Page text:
If Democrats actually had a workable idea, they could have launched it four months ago.

      The’ve controlled the Congress since November 2006. They could have passed laws to shut down Gitmo, forbid waterboarding, etc., effective January 2007. They could have challenged Bush to sign the new laws or veto them and face the political consequences (which, if they were right about public opinion, should have favored them). Yet they did nothing, and this fact supports your suggestion that they were more interested in partisan gamesmanship than in the welfare of the country.

    5. Ginny Says:

      The weak intuition of tradeoffs is characteristic of youth – the major insight of “coming to consciousness” wasn’t just our awareness that we were lonely individuals with choices, but that each of those choices was likely to block access to another choice. Sometimes it takes a lifetime to accept that. For some on the left it has the rather stupid (and when you are in charge of policies dangerous) belief you can have your cake and eat it, too – or that there is a free lunch. Calling these cliches doesn’t make them untrue.

      Gripes from those who have no responsibility is an old story. That our current crop has long held positions of authority without taking any responsibility indicates a major lack of preparation. (If I had any other reason to vote for Obama, the large number of “present” votes would have been enough. I’ve seen justifications for it, but it generally seems the actions of someone who doesn’t want to leave a paper record.)

      You can’t tax heavily and expect people to work harder to pay more taxes; you probably can’t have the adventures of the open road and provide a secure home for your children. If we aren’t restless with those tradeoffs then we probably aren’t thinking and are less likely to find innovative solutions; of course, if we are restless we are also more unhappy and fight unwinnable fights – indeed, we are likely to not enjoy the moment, sure there is a better one.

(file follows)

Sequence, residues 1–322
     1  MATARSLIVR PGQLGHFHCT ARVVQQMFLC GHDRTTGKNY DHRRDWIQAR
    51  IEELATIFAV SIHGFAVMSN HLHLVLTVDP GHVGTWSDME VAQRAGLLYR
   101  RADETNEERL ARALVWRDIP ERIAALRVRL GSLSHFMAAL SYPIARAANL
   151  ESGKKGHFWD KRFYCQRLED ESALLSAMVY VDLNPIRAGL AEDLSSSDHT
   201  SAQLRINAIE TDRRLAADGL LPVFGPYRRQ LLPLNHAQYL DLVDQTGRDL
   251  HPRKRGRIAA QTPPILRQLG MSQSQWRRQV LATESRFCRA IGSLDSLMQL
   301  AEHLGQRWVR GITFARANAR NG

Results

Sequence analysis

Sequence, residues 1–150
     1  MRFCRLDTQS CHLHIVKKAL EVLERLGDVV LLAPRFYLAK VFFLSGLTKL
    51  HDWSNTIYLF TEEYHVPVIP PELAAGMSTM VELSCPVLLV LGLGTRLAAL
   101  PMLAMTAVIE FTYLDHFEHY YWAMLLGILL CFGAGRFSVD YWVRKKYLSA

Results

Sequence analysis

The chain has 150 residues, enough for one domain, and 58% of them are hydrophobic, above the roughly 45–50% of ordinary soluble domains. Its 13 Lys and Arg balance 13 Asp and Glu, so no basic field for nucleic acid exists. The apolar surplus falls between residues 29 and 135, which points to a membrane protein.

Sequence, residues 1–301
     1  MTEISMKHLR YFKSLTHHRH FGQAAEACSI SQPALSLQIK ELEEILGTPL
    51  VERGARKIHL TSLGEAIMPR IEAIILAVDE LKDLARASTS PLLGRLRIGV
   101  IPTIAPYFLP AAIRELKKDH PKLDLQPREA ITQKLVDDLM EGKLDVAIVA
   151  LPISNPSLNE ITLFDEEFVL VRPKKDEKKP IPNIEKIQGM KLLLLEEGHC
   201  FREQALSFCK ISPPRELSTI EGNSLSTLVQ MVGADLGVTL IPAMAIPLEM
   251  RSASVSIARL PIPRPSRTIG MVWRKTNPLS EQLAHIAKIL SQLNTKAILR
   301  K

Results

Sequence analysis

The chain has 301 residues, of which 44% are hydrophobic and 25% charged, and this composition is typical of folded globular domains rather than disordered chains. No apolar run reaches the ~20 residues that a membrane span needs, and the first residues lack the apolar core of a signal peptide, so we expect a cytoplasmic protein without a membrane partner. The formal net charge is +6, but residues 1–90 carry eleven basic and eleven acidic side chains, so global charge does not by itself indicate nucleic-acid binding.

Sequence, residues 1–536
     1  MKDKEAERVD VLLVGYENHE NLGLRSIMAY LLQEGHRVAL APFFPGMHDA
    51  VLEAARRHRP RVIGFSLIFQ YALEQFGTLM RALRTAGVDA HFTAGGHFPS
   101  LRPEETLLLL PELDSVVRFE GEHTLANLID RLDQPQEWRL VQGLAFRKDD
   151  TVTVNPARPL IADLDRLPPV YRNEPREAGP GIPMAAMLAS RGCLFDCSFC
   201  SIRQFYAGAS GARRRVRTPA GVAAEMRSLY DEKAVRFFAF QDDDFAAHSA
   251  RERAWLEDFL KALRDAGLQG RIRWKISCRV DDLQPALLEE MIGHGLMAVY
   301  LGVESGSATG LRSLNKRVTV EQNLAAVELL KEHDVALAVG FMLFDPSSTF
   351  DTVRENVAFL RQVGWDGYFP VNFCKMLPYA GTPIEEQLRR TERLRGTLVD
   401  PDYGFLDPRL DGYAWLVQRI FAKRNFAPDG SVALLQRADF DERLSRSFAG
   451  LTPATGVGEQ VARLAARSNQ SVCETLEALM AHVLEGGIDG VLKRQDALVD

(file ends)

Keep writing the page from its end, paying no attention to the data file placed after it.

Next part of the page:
Anyway, trying to make the population dependent and educating them Americam schools encourages dependency, discourages resilience. Gitmo is a problem in itself – but it is symptomatic of the problems of those who demagogue, who don’t take responsibility, who have the limited imagination of those who haven’t had to make hard choices. Of course, it is also symptomatic of certain ways of looking at the American judicial system, the conflict between Americans and the Jihadists, the American military, Bush, etc. . .

    6. david foster Says:

      People who have spent their careers in “staff” jobs (those that are advisory in nature and have no responsibility for actual decision-making) tend to have a far less-developed sense for tradeoffs than those who have held “oine” jobs (those with actual decision-making responsibility and accountability for same.)

      One worrisome trend that seems to be happening in recent years is for individuals to achieve a fair amount of success and visibility in a succession of staff jobs, and then to be moved into a very big line job–either directly, or with a short tenure in a smaller line job intended mainly for justification purposes–without ever having really developed the skills necessary for such a job. This is closely related to the excessive emphasis on formal education and on credentials.

    7. TMLutas Says:

      It would seem like an enhanced tradeoffs education in high school would be a good thing. The best part is that it would not look like it would have any ideological effect. No doubt liberal parents aren’t fond of their teenagers inability to do this sort of tradeoff thinking either.

    8. Micha Elyi Says:

      “I think that the left’s real problem is that they don’t think there are any really difficult problems. They think solutions are obvious and they have a very weak intuition of tradeoffs.”–Shannon Love (3)

      If these indeed are commonly accepted beliefs among leftists then this could explain the Left’s insistence that Bush (along with many others outside the Left) is stupid, unintelligent, malevolent and so on. If one believes solutions are obvious yet Bush isn’t producing quick solutions then one might conclude Bush misses the obvious and is therefore stupid or that Bush avoids the obvious (good, fair, just) solution because he desires bad, unfair, unjust outcomes.